China Securities Watchdog Says U.S. Bill on Foreign Government Control Is Discriminatory
What’s new: China’s securities watchdog has said that the Holding Foreign Companies Accountable Act discriminates against Chinese companies listed in the U.S., and it “firmly opposes this practice of politicizing securities supervision.”
The China Securities Regulatory Commission (CSRC) said in a Friday statement (link in Chinese) that the bill requires foreign issuers to provide proof that they are not owned or controlled by a foreign government, disclose names of any board members who are officials of the Chinese Communist Party, and indicate if any articles of incorporation of the issuer contain elements of the party’s charters.
Such requirements “are obviously discriminatory and are not based on professional considerations of securities supervision,” the CSRC said.
The legislation, which U.S. President Donald Trump is expected to sign into law, prohibits securities of a company from being listed on any U.S. exchange if the company fails to comply with Public Company Accounting Oversight Board (PCAOB) audits for three years in a row. Although the bill applies to all foreign companies, it is clearly targeted at China.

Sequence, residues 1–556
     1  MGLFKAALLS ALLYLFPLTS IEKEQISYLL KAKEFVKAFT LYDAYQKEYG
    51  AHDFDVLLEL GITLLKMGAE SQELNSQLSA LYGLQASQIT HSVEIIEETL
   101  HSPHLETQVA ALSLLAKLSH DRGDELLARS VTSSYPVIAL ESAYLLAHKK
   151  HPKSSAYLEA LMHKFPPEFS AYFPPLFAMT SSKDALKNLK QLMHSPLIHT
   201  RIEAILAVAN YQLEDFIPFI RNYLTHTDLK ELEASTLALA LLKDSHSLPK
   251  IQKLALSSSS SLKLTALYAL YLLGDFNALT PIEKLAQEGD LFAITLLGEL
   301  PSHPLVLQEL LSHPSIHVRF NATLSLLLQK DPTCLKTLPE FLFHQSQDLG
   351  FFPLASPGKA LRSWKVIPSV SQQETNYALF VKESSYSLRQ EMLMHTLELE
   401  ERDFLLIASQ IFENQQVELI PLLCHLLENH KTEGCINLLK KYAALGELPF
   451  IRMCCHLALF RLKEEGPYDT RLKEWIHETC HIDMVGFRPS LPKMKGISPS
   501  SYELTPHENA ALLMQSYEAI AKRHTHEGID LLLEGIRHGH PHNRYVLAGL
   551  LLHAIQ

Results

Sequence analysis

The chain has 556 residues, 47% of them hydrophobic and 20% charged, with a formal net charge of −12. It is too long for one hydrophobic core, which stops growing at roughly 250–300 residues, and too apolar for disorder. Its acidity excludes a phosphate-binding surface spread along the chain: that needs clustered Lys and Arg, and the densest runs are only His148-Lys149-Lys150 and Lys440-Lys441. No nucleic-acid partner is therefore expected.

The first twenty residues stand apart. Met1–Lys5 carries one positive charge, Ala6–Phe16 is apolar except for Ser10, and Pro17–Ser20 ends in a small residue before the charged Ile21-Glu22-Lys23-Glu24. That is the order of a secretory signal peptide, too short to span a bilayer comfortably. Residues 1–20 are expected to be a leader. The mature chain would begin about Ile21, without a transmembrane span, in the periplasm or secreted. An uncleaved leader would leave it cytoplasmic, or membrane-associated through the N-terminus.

The PCAOB is a watchdog that inspects audits of public companies listed in the U.S. to ensure the information they provide to the public is accurate, independent and trustworthy.
Chinese companies listed in the U.S. are under siege, caught in the crossfire of escalating political tensions between Beijing and Washington and growing frustration from American regulators without access to the books that may prevent the kind of fraud that left shareholders of Luckin Coffee Inc. nursing billions of dollars in losses.
In an exclusive interview with Caixin in June, Yi Huiman, chairman of the CSRC, pledged continued opening-up, called for cooperation with U.S. regulators and proposed joint investigations of financial fraud.
Quick Takes are condensed versions of China-related stories for fast news you can use. To read the full Caixin article in Chinese, click here.
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